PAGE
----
Understanding Electrical Shock Injuries
Each year, about 1,000 accidents involve electric shock. Even non-fatal shocks can cause severe and permanent injuries. The severity of electrical shock incidents depends on many circumstances. For instance, getting shocked by low-voltage equipment is usually far less damaging than direct exposure to a high-voltage power transmission line. Factors such as how wet your skin was, what type of current was involved, and how long the shock lasted all play roles in the outcome.
After being shocked, you may lose consciousness, experience seizures, or have difficulty breathing. You might also become confused or feel like your heart is beating out of rhythm. It’s critical to seek immediate medical attention after such events, but incapacitated victims may have to rely on those around them to render such aid.
Electrical Shock Cases in Texas
Electrical shock incidents can happen almost anywhere, not just around power equipment. In Texas, history has proven that from outdoor recreation areas to schools to refineries to restaurants, this type of injury is a constant hazard.
Does this mean that victims should just accept being shocked as an inescapable danger of modern life? No, because there’s a right and wrong way to do things. Many of the shock incidents that become Texas tragedies are preventable, and survivors deserve answers.
How Shocks Happen
When people get shocked, it’s usually because they came into direct contact with an energized object or indirect contact via another electrically conductive object. For instance, children have died after touching metal surfaces on faulty appliances. Power workers have been injured by transmission lines that should have been de-energized before being repaired.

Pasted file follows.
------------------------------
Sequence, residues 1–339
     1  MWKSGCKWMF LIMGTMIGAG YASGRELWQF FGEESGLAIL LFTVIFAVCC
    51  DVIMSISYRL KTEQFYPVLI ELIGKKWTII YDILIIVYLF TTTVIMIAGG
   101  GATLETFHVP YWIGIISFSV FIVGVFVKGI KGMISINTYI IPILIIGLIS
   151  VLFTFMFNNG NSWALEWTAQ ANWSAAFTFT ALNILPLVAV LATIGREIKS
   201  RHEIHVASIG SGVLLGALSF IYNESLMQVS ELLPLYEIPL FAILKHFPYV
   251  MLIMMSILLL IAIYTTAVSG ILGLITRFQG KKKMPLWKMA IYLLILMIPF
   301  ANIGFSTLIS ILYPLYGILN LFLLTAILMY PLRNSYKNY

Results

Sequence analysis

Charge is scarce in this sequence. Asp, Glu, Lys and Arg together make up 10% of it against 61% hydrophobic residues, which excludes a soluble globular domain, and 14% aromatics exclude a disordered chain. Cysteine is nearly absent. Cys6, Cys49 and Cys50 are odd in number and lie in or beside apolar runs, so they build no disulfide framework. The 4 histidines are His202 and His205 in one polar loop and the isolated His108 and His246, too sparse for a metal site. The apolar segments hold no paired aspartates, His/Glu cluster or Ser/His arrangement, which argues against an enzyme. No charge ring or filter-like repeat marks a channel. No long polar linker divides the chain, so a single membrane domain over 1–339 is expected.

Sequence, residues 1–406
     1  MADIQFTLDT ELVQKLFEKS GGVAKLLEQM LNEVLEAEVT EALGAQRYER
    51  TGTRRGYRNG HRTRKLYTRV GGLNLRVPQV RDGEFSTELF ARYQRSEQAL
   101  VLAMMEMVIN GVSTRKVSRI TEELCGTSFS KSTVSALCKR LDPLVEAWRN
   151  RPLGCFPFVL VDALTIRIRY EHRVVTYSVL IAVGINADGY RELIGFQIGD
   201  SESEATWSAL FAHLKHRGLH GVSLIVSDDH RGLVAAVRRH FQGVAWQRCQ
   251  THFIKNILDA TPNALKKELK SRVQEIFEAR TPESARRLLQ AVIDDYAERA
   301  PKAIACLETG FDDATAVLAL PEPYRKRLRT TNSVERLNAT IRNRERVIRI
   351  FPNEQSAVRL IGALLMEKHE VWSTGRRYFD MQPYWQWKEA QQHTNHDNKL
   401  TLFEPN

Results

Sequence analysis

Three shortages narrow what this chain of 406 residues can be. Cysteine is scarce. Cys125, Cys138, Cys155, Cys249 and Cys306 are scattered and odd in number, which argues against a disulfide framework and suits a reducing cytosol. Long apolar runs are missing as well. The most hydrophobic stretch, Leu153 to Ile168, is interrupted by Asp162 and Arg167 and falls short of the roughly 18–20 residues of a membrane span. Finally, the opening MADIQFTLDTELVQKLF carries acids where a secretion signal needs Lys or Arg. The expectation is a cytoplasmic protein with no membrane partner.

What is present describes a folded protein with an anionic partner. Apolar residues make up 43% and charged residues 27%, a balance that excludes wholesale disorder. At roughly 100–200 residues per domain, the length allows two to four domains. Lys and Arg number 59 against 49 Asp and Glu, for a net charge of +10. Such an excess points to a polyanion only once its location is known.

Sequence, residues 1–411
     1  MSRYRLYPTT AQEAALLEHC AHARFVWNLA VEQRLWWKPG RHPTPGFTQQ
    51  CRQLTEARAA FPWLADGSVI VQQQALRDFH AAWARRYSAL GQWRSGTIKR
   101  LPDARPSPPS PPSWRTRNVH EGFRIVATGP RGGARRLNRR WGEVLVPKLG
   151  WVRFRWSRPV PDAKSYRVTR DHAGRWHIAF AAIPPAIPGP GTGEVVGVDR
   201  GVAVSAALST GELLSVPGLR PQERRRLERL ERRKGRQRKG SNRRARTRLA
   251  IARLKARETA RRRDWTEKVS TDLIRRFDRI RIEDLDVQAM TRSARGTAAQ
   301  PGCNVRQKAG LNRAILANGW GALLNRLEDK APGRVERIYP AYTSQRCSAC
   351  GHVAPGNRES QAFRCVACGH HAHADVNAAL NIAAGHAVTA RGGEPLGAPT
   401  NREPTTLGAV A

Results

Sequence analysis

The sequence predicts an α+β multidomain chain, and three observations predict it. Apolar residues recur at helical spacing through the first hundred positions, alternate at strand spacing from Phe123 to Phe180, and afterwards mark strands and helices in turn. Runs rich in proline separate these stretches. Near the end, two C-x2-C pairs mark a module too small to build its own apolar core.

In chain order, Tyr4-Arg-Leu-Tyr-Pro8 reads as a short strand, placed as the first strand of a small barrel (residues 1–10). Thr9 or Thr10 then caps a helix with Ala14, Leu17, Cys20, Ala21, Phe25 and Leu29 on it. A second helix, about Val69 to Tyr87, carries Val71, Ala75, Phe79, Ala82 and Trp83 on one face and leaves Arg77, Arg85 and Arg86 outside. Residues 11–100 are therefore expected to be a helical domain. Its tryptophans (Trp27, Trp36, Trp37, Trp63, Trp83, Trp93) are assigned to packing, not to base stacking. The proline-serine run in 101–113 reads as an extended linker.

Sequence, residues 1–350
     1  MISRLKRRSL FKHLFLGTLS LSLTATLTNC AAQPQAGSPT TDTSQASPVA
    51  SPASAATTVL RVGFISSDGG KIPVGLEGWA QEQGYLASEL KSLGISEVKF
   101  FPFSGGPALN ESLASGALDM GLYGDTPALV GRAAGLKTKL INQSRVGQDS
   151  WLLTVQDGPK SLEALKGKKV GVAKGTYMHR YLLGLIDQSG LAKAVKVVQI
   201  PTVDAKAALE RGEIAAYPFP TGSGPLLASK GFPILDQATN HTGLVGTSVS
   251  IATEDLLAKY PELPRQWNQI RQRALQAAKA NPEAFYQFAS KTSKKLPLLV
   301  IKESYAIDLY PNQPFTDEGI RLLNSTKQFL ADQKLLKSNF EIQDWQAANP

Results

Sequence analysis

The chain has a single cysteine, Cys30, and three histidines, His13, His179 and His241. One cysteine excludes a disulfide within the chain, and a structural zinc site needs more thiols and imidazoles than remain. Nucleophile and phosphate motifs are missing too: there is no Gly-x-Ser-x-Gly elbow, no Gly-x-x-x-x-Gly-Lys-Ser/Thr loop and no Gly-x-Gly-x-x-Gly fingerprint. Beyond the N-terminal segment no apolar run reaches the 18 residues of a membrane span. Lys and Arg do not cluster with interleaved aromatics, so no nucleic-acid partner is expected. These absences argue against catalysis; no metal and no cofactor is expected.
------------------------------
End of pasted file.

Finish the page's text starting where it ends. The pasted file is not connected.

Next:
Who’s at Fault?
These examples demonstrate that shocks aren’t merely random events. Organizations or business owners who fail to operate safe workplaces and maintain equipment properly can increase the likelihood that their staff members or patrons will be injured. The same goes for manufacturers that sell poorly insulated products or devices with defective safety mechanisms.
Those victimized by others’ lack of care have lawful options in seeking compensation and holding liable parties accountable—but the onus of proof is high.
You’ll need to show that:
- You sustained an injury
- The injury was related to someone else’s inaction, negligence, or lack of care
- The incident caused you losses, such as financial burdens related to medical bills or inability to gain employment
Texas’s comparative fault laws mean that you may be found partially responsible for what happened to you. However, you should still seek justice. Pursuing a legal judgment has the potential to reduce your medical bills significantly and recompense you for pain and suffering.
In litigation cases or cases in which you must pursue your claim in court, there are many challenges and pitfalls to avoid. Our Houston electrical shock attorneys have a successful track record in both personal injury settlements and verdicts. We have successfully recovered more than $1 billion for our clients.
If you have suffered a serious workplace injury involving electricity, contact us today at (281) 801-5617.